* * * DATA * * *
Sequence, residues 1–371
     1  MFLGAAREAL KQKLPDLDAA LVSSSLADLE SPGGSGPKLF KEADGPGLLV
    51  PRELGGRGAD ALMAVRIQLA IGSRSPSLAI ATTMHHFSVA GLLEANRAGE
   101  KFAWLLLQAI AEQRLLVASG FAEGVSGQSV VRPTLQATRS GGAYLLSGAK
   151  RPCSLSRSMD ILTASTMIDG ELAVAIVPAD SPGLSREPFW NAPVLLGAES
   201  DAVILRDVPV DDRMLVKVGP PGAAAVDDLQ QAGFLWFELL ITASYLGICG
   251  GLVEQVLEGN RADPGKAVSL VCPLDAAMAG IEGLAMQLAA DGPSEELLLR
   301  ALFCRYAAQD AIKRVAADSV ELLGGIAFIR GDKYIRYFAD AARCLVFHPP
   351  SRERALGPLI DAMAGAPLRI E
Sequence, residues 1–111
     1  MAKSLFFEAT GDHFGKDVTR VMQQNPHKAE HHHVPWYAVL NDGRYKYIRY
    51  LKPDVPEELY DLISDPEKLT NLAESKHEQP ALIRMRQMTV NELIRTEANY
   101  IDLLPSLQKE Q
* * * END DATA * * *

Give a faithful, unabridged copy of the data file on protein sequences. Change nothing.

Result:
Sequence, residues 1–371
     1  MFLGAAREAL KQKLPDLDAA LVSSSLADLE SPGGSGPKLF KEADGPGLLV
    51  PRELGGRGAD ALMAVRIQLA IGSRSPSLAI ATTMHHFSVA GLLEANRAGE
   101  KFAWLLLQAI AEQRLLVASG FAEGVSGQSV VRPTLQATRS GGAYLLSGAK
   151  RPCSLSRSMD ILTASTMIDG ELAVAIVPAD SPGLSREPFW NAPVLLGAES
   201  DAVILRDVPV DDRMLVKVGP PGAAAVDDLQ QAGFLWFELL ITASYLGICG
   251  GLVEQVLEGN RADPGKAVSL VCPLDAAMAG IEGLAMQLAA DGPSEELLLR
   301  ALFCRYAAQD AIKRVAADSV ELLGGIAFIR GDKYIRYFAD AARCLVFHPP
   351  SRERALGPLI DAMAGAPLRI E
Sequence, residues 1–111
     1  MAKSLFFEAT GDHFGKDVTR VMQQNPHKAE HHHVPWYAVL NDGRYKYIRY
    51  LKPDVPEELY DLISDPEKLT NLAESKHEQP ALIRMRQMTV NELIRTEANY
   101  IDLLPSLQKE Q